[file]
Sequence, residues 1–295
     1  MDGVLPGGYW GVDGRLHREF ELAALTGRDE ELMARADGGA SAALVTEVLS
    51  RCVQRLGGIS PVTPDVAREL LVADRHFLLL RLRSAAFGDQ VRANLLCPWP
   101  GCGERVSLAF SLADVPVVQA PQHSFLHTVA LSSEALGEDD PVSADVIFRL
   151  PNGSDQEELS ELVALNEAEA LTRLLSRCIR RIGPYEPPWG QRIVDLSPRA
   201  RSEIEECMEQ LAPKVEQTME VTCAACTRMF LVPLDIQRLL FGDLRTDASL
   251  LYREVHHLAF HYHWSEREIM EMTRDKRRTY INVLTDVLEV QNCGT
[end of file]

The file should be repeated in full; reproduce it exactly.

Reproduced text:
Sequence, residues 1–295
     1  MDGVLPGGYW GVDGRLHREF ELAALTGRDE ELMARADGGA SAALVTEVLS
    51  RCVQRLGGIS PVTPDVAREL LVADRHFLLL RLRSAAFGDQ VRANLLCPWP
   101  GCGERVSLAF SLADVPVVQA PQHSFLHTVA LSSEALGEDD PVSADVIFRL
   151  PNGSDQEELS ELVALNEAEA LTRLLSRCIR RIGPYEPPWG QRIVDLSPRA
   201  RSEIEECMEQ LAPKVEQTME VTCAACTRMF LVPLDIQRLL FGDLRTDASL
   251  LYREVHHLAF HYHWSEREIM EMTRDKRRTY INVLTDVLEV QNCGT